Skip To Content
BuzzFeed News Home Reporting To You

Conservative Voters On Romney: He's Still Too Nice

Romney builds a new line of attack around "You didn't build that." "He needs to get tougher. "

Posted on July 18, 2012, at 6:17 p.m. ET

Wayne Michaels, voting for Romney.

BOWLING GREEN, Ohio — Mitt Romney did his best to satisfy the conservative Republicans who turned out to see the newly combative candidate here in Northwest Ohio, but a day after a surrogate questioned President Obama's very American identity, Romney left them wanting more.

Romney debuted a set of attacks today in Bowling Green, based around President Obama's suggestion that business owners "didn't build" the entirety of their businesses: Romney suggesting in turn that Obama is "out of touch" with America.

It was the beginning of the Romney campaign's rollout of new jabs designed to appeal to grassroots conservatives, and audience members approved — but many thought he needed to be even tougher.

"I don't think he was tough enough," said Barbara Sass, 70, a retiree from Toledo. "He's too nice."

Wayne Michaels, 67, a retired orthodontist from Bowling Green who held an "I Opened My Own Business" sign throughout the rally ("Those are fun signs," Romney said of the ones he could read in the audience), teared up out during an interview with BuzzFeed, swept up in emotion after Romney's speech.

"I'm really pleased that he's started to be more aggressive," Michaels said. "He was too nice in the beginning."

Michaels said that he wanted Romney to keep the campaign "clean," saying Obama wasn't running a "factual campaign."

Of Obama, Michaels said "He has his own best interests at heart. He is out of touch with America," echoing Romneys line.

In his speech, Romney used the word "foreign" more than once in relation to Obama, without directly accusing him of foreignness — for example, saying that Obama's not celebrating individual success is "so foreign to us, we can't even understand it."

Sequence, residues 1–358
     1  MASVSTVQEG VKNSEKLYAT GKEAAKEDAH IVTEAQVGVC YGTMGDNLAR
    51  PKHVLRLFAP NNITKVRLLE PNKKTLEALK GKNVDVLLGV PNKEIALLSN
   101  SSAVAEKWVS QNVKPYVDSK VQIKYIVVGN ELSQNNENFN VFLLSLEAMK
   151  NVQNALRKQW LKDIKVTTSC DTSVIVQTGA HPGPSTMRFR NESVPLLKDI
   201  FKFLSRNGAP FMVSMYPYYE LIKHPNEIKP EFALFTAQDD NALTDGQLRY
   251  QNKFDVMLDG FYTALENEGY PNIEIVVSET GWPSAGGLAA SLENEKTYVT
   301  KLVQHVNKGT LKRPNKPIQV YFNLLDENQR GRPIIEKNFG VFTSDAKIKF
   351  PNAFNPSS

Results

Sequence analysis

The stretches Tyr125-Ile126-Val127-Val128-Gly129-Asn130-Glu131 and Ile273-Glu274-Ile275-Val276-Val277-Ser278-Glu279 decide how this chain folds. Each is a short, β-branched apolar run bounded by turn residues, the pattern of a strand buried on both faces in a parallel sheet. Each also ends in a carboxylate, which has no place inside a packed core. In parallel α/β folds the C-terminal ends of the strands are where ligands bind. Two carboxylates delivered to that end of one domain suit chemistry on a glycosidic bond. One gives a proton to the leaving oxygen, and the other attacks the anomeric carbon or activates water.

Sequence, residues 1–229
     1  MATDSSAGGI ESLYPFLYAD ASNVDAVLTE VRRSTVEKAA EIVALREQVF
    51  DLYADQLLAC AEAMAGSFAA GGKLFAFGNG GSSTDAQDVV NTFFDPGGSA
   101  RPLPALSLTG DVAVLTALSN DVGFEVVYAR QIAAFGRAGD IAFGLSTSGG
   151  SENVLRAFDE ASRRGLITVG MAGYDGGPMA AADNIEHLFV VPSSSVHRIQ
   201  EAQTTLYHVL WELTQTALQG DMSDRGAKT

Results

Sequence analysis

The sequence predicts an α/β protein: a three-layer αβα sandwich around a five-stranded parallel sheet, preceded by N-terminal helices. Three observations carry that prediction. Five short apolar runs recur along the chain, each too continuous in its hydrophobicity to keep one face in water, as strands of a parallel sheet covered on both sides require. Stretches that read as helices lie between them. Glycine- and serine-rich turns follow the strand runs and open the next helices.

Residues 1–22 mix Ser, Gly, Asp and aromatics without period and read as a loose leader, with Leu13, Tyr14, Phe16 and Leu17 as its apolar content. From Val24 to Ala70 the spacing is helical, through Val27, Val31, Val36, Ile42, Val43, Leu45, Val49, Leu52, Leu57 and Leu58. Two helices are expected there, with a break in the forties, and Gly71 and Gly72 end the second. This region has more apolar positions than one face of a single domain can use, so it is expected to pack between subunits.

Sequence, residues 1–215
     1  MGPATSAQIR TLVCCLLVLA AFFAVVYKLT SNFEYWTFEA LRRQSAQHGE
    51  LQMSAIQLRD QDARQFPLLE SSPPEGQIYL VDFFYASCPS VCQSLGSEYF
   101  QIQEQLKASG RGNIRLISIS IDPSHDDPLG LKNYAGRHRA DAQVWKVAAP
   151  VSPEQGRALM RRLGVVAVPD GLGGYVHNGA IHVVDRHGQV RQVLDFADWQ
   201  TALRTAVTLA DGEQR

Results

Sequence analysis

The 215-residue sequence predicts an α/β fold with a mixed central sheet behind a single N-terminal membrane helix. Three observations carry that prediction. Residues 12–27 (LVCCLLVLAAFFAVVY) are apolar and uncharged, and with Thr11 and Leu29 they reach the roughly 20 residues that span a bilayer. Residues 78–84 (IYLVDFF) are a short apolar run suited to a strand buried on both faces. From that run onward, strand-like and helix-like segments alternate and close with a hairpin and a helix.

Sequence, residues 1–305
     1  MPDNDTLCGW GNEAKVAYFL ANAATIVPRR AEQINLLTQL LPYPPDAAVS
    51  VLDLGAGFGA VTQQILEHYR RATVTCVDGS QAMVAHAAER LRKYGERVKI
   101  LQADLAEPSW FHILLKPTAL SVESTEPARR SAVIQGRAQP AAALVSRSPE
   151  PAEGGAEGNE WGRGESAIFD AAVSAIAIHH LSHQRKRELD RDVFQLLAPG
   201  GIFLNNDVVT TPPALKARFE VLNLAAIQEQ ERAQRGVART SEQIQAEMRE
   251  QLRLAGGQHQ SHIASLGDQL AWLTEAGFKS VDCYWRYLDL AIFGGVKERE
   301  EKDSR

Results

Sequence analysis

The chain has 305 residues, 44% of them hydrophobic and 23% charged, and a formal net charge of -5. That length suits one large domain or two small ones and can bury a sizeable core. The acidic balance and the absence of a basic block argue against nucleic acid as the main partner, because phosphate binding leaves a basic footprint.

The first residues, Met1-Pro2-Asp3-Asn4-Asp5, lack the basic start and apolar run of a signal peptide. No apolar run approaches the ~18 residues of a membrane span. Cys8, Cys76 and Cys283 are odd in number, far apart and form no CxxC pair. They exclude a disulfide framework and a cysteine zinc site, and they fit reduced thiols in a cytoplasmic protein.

He also said that Obama was "out of touch with the character of America" and that he was "trying to tear America apart."

But Romney resisted being pulled past that point, telling a woman who called Obama a "monster" that "I wouldn't use that term."

For the audience, which cheered and gave Romney multiple standing ovations throughout, the message was a start, if a bit mild for their tastes.

Rosann Kaiser, 57, said that Obama's "You didn't build that" remark was "bullshit."

As for the newer, more aggressive Romney, "he needs to get tougher than that."

"If you look at [Obama's] background, he was not raised like the typical American," Kaiser said. "I was raised on a farm, we were taught common sense, we were taught work ethic."

Brian Binkley, a software developer from Ada, Ohio, also referred to the president's upbringing as a liability.

"You can tell based on what Obama's done already in terms of what he's said and done, he's said certain things that make it seem like he's out of touch with America."

"Obama's been in many places throughout the world, so I can understand how he'd say it would be a foreign perspective in some ways," Binkley said.

The perception that Obama is un-American is common among grassroots conservatives, a fact that's not lost on the Romney campaign, representatives of which told BuzzFeed's McKay Coppins yesterday that the candidate's message from now on would include more attacks on the president's character and past — a response to weeks of withering attacks on Romney's own past.